A change in job responsibilities from library manager to hospital administrator provides this year's Doe lecturer the opportunity to reflect on the values of the library profession from a fresh perspective. Librarians play a unique role and remain vital to the health care enterprise but are frequently misunderstood. Their role can be viewed from three angles: service, technology, and a unique sort of professionalism. Librarians must focus their service priorities on the needs of the institution, while remaining true to their own unique professional values. They must be advocates for the appropriate use of technology in support of those service roles. The passion that many librarians bring to their jobs makes librarianship a vocation as much as a profession. The mission and vision developed by the American Society of Health-System Pharmacists in 2001 provides a useful model for defining a personal professional mission and vision. PMID:12568154

  16. HIV quality of care assessment at an academic hospital: outcomes and lessons learned.

    PubMed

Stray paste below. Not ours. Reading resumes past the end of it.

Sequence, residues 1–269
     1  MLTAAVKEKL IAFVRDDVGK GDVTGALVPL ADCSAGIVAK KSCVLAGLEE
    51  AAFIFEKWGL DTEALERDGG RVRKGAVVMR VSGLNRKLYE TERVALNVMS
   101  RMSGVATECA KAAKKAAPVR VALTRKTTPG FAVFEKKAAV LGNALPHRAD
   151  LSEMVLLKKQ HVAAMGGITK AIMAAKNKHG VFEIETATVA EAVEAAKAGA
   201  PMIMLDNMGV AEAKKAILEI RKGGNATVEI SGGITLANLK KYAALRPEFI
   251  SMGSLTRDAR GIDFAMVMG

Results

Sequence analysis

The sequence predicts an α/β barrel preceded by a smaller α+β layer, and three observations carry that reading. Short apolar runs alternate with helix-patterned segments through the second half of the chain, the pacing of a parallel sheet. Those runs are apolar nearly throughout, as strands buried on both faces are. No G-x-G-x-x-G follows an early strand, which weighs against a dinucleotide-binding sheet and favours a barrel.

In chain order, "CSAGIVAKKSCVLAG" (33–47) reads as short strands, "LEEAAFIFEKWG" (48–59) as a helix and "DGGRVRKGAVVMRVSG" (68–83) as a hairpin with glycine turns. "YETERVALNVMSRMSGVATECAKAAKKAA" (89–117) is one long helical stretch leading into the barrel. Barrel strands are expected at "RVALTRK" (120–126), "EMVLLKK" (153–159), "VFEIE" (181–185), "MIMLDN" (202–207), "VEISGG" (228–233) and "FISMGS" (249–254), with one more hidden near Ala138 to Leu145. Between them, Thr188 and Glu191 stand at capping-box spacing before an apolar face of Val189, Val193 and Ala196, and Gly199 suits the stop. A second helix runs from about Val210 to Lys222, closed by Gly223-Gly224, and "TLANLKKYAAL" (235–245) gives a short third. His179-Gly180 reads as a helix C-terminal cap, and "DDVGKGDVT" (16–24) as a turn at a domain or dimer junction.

Kerr, Christine A; Neeman, Naama; Davis, Roger B; Schulze, Joanne; Libman, Howard; Markson, Larry; Aronson, Mark; Bell, Sigall K

    2012-01-01

    Rapid changes in HIV treatment guidelines and antiretroviral therapy drug safety data add to the increasing complexity of caring for HIV-infected patients and amplify the need for continuous quality monitoring. The authors created an electronic HIV database of 642 patients who received care in the infectious disease (ID) and general medicine clinics in their academic center to monitor HIV clinical performance indicators. The main outcome measures of the study include process measures, including a description of how the database was constructed, and clinical outcomes, including HIV-specific quality improvement (QI) measures and primary care (PC) measures. Performance on HIV-specific QI measures was very high, but drug toxicity monitoring and PC-specific QI performance were deficient, particularly among ID specialists. Establishment of HIV QI data benchmarks as well as standards for how data will be measured and collected are needed and are the logical counterpart to treatment guidelines. PMID:22326983

  17. Comparing the perspectives of managers and employees of teaching hospitals about job motivation.

    PubMed

    Mohebbifar, Rafat; Zakaria Kiaei, Mohammad; Khosravizadeh, Omid; Mohseni, Mohammad

    2014-11-01